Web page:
The family of Oscar-winning actor Joaquin Phoenix never came to Tenerife, but the truth is that the leader of the organization to which they belonged for a time was hidden on the island. A series will remember this chapter. It is the adaptation of the memories of a survivor of The Children of God.
It does not have a definitive release date but the filming of Cult Following, a drama in the form of a miniseries about cults and their influence in the United States that will be released in 2021, has again brought to the fore the details of the childhood of Joaquin Phoenix and the history of the children of God (Childrens of God).
Again, the television world will take advantage of a story that could well have been an invention but is based on the memories of one of the survivors of this sect. It is the same organization to which the Oscar-winning actor’s family once belonged. The links of this dark group with the island of Tenerife will make it even more interesting for the spectators of the Archipelago.
For now there are few confirmed details about the production. Different specialized media announced at the end of last month that the adaptation of the memoirs of Bexy Cameron will star the actresses Dakota Johnson and Riley Keough.
Melany Griffith’s daughter will take on the role of the protagonist and the production rights, which have not yet assigned a channel or streaming platform, have been acquired by Producer Platform One Media. The book, and therefore the future miniseries, narrates the life of its protagonist, who was emancipated at age 16 to get away from the cult.
One of the most curious aspects is the connection of the North American sect with Tenerife. It is true that the Phoenix family and his ill-fated brother River never traveled to the Canary Islands. Long before the organization was divided across the planet and chose this small island in the Atlantic to hide and continue its activity, the Phoenix decided to separate from the group. This is reflected in a report published yesterday by the newspaper El País and signed by Eva Güimil. A letter from the leader of the Childrens of God sect asking the women of the community to sleep with as many men as possible to attract them to their way of life convinced the actor’s parents – who at that time kept his original surname, Botton. – that the best thing was to definitely leave the group.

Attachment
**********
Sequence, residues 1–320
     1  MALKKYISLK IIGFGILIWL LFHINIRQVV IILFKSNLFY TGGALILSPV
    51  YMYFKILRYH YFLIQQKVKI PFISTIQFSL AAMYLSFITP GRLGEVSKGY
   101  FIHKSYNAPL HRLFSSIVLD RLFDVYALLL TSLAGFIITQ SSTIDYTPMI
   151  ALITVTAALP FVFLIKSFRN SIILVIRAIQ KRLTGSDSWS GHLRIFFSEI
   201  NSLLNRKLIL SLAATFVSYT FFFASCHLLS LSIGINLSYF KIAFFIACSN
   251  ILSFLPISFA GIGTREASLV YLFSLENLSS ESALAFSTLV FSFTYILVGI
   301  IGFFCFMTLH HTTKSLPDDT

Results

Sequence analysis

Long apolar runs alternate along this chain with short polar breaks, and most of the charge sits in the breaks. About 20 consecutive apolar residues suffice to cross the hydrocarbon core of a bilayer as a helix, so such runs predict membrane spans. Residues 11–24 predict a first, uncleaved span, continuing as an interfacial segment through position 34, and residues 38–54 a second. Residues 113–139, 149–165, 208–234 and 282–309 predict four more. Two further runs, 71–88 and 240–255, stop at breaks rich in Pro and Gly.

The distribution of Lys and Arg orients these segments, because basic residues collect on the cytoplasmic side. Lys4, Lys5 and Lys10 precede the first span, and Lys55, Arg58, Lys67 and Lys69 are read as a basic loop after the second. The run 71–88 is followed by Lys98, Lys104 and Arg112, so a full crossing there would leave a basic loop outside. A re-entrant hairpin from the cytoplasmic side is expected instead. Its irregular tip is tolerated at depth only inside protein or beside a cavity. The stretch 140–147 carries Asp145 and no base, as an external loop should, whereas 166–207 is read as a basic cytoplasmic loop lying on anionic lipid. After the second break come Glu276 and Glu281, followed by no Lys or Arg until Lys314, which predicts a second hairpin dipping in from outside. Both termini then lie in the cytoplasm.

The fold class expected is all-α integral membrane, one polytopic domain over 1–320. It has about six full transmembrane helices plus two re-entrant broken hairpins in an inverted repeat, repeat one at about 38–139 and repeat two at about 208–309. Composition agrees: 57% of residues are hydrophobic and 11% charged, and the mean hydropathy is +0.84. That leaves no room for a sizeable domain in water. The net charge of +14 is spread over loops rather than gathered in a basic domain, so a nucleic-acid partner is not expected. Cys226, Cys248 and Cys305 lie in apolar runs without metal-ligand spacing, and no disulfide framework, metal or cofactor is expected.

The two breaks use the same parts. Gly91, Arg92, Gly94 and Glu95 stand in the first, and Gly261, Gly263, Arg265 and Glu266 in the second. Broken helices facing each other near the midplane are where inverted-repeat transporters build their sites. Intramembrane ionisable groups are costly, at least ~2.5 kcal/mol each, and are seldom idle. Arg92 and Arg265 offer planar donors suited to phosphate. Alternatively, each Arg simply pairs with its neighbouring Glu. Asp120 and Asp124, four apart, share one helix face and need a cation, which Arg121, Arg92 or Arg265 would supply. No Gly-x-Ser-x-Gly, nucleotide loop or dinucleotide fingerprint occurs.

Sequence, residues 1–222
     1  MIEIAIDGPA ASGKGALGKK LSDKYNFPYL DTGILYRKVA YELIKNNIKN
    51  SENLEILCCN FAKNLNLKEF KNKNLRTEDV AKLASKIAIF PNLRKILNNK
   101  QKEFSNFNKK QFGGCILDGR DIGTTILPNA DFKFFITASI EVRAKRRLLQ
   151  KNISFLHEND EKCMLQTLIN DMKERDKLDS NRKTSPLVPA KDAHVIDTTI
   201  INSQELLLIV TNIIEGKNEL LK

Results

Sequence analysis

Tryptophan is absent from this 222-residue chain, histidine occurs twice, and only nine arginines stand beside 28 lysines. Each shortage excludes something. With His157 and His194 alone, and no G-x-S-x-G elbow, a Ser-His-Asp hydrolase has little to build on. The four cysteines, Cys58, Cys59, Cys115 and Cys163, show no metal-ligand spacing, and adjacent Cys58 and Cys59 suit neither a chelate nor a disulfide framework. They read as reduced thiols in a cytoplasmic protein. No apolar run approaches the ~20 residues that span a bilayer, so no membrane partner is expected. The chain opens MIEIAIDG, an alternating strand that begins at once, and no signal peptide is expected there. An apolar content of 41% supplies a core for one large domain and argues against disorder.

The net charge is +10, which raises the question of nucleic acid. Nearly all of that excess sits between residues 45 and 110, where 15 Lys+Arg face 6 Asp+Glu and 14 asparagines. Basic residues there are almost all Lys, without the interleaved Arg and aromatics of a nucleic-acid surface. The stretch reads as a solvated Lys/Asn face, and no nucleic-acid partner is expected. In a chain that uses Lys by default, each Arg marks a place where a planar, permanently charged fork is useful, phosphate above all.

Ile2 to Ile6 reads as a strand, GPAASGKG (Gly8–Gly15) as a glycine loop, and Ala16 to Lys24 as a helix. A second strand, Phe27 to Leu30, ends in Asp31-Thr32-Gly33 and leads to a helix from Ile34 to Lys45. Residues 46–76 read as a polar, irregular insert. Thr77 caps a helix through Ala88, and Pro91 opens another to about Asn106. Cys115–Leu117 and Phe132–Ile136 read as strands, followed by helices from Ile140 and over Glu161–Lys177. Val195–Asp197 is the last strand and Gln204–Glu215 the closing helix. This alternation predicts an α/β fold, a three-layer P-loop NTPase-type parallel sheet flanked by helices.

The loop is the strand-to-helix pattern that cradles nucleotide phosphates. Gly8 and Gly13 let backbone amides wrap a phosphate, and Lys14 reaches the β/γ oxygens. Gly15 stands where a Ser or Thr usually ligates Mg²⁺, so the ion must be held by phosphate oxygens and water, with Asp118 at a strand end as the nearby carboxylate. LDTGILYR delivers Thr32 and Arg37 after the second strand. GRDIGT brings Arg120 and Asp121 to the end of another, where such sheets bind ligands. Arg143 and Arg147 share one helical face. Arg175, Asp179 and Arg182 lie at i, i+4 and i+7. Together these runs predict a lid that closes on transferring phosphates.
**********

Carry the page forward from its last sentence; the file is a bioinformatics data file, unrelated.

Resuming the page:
David Berg was the center of that organization that would eventually become the target of Interpol for numerous cases of child abuse and murder. Children of God emerged in the late sixties in California and defended love as a possible tool for salvation. They helped their members detoxify from drugs and soon gained great popularity and a large following. Shortly after they began to reach Spain and other European countries. Increasingly sexualised, the most serious problem arose when the leader began to promote sex between children and adults in the letters that he sent periodically to his followers and communities from all over the world.
The organization thus put itself in the spotlight of the police, the trials against them began in the United States and it was necessary to flee and hide. It is at this time that a small island in the Atlantic, Tenerife, becomes the best refuge for the leader of the community.
According to El País, Berg was hidden in Tenerife for at least three years. Once in the Canary Islands, they did not manage to go unnoticed for too long. Parties and night outings were frequent, and the leader again used his followers to attract new members in exchange for sex.
In fact, the stage that the leader of the sect spent in the Canary Islands was very relevant for the entire community. The one that was then his wife conceived a child that would be considered by Berg and all his acolytes as a kind of messiah. They called him Davidito, although his real name was Ricky Rodríguez. Ironies of fate, Berg had long suffered from impotence due to the constant abuse of alcohol and his wife was part of the group of women who went out to “hunt” new followers. In his letters, he documented that he had relationships with 18 employees of the famous Bel Air hotel in Puerto de la Cruz.
Pursued by the police, the leader and founder of Los Niños de Dios was forced to disguise himself and take refuge in different countries until he died in Portugal in 1994. His life and the history of this sect, which had more than 130 communities all over the world, it will once again be the subject of a new audiovisual production.